Do I Own This Car? the Supreme Court Creates a Standard for BAPCPA Car Ownership

By Hucker, Anne Benton | Missouri Law Review, Fall 2011 | Go to article overview
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Do I Own This Car? the Supreme Court Creates a Standard for BAPCPA Car Ownership


Hucker, Anne Benton, Missouri Law Review


I. Introduction

On Monday, October 4, 2010, reporters and other observers packed the red upholstered benches and filled the white marble courtroom of the United States Supreme Court. (1) They came to witness a newsworthy event--the first day of the Court's new Term and, more importantly, Justice Elena Kagan's first day on the job. (2) The Court opened the Term with a fairly routine case, the type of "workaday dispute that makes up far more of the docket than the constitutional barnburners the [J]ustices occasionally entertain." (3) This first case of the Term would be the subject matter of Justice Kagan's first opinion. (4)

The case was Ransom v. FIA Card Services, N.A., and the dispute was whether, under the Bankruptcy Abuse Prevention and Consumer Protection Act of 2005 (BAPCPA), Appellant Jason Ransom should be able to claim a vehicle ownership expense for purposes of Chapter 13 bankruptcy for the unencumbered car that he owned. (5) Practitioners in the bankruptcy field had been watching the progression of this case and were eager to learn the Court's resolution of the issue. (6) The interest was due to two reasons. First, the outcome of the case would affect approximately 250,000 Chapter 13 petitioners. (7) Second, the case would resolve an issue on which the lower courts had not been able to reach a consensus. (8)

BAPCPA was "poorly crafted" and "hastily designed," leaving one bankruptcy judge to lament that

"those responsible for ... passing [BAPCPA] ... did all in their power to avoid the proffered input from sitting United States Bankruptcy Judges, various professors of bankruptcy law at distinguished universities, and many professional associations filled with the ... bankruptcy lawyers in the country as to the perceived flaws in the Act." (9)

Another bankruptcy judge complained that the law was "[u]nquestionably ... the most poorly written piece of legislation that I or anyone else has ever seen. ... No one has ever seen a piece of garbage like this. ... There's going to be the most fantastic anarchy in bankruptcy courts for years." (10)

When the Court issued its opinion, holding that Ransom could not claim a vehicle ownership expense if he owned an unencumbered car, Justice Kagan created a tidy framework through which to interpret all future BAPCPA provisions: to determine the meaning of the statute, one must look at the text, context, and purpose of BAPCPA. (11)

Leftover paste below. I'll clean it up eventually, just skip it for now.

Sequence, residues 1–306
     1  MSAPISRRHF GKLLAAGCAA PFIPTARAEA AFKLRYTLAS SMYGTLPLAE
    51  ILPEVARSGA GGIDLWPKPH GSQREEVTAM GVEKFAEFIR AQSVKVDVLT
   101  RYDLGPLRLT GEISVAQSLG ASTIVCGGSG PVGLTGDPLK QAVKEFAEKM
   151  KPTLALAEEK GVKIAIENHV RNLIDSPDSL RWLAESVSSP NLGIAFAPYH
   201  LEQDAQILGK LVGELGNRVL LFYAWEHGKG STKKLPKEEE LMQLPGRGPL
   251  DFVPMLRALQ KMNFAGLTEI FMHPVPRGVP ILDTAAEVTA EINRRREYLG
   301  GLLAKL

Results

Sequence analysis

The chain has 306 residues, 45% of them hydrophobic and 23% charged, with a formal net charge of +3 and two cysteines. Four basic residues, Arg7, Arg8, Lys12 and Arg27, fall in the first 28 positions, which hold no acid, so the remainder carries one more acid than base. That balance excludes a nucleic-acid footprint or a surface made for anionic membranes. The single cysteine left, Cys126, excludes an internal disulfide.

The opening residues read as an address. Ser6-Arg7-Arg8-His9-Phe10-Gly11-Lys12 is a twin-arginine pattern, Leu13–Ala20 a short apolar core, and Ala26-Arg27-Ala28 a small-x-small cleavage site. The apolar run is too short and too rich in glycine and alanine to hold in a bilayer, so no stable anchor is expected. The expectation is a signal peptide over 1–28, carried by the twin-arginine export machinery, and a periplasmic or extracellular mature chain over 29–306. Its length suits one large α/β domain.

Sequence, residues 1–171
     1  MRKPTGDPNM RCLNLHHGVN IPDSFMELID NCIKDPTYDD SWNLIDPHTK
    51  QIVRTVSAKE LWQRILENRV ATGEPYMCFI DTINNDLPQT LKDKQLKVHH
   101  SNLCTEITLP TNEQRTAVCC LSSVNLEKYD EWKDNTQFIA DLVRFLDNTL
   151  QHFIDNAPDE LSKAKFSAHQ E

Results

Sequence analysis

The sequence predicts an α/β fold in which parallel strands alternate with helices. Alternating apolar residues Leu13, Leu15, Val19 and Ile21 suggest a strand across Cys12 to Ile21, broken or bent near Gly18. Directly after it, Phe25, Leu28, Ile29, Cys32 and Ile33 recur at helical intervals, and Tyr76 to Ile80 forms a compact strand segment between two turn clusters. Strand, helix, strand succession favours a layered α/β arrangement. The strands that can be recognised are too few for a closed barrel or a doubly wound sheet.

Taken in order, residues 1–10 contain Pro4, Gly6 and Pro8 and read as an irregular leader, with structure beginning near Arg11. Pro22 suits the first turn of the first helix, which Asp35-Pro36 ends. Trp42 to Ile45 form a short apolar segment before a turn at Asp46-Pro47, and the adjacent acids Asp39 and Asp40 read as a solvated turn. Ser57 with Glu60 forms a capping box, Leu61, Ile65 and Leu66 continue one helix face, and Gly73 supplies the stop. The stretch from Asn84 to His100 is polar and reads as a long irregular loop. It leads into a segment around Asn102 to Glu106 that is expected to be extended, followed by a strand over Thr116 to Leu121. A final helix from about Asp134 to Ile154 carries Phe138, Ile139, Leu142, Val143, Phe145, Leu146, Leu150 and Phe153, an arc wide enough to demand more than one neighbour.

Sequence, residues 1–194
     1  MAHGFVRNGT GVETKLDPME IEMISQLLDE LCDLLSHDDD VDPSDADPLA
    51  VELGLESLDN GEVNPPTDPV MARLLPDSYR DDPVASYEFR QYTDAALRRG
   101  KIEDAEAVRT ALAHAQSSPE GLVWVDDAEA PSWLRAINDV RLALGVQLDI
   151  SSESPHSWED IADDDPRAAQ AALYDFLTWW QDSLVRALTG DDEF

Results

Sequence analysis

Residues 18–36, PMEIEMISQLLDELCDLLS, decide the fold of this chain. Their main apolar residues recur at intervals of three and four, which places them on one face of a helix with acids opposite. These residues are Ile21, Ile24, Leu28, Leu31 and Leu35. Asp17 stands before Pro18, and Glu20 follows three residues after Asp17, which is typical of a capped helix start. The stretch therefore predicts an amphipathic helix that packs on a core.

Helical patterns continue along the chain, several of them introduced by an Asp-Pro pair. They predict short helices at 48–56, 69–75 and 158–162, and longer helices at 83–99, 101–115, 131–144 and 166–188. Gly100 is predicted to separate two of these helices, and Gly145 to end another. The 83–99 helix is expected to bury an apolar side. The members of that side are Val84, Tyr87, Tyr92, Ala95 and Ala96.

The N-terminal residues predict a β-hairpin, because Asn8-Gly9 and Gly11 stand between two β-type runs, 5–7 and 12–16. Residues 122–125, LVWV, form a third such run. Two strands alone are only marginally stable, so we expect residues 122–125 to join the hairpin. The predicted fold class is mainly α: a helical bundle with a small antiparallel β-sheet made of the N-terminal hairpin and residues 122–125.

But Justice Antonin Scalia refused to overlook the manifest problems with BAPCPA's construction, and thus, he dissented. (12) In his dissent, he contended that Justice Kagan's opinion was simplistic and that it glossed over BAPCPA's real issues. (13) He argued that the Court's opinion in Ransom created more questions than it answered. (14)

II. Facts and Holding

On July 5, 2006, Jason Ransom filed for Chapter 13 bankruptcy relief in the United States Bankruptcy Court for the District of Nevada. (15) Ransom had accrued $82,542.93 in unsecured debt, including $32,896.73 that Ransom owed to MBNA American Bank (MBNA). (16) During the process of filing for bankruptcy, Ransom completed Form B22C, which is the Debtor's Statement of Current Monthly Income and Calculation of Commitment Period and Disposable Income. (17) On this form, Ransom reported his monthly income of $4248.56 and his annual income of $50,982.72. (18) At the time, the median income for a single-family household in Nevada was $38,506. (19) Because Ransom's income exceeded the median income for Nevada, the bankruptcy code required Ransom to create a five-year payment plan. (20)

The bankruptcy code instructs debtors such as Ransom to deduct reported monthly expenses from the debtors' reported monthly income to determine the amount which will be repaid to creditors. (21) The bankruptcy code allows several categories of potential expenses, including household expenses, car expenses, and utility expenses.

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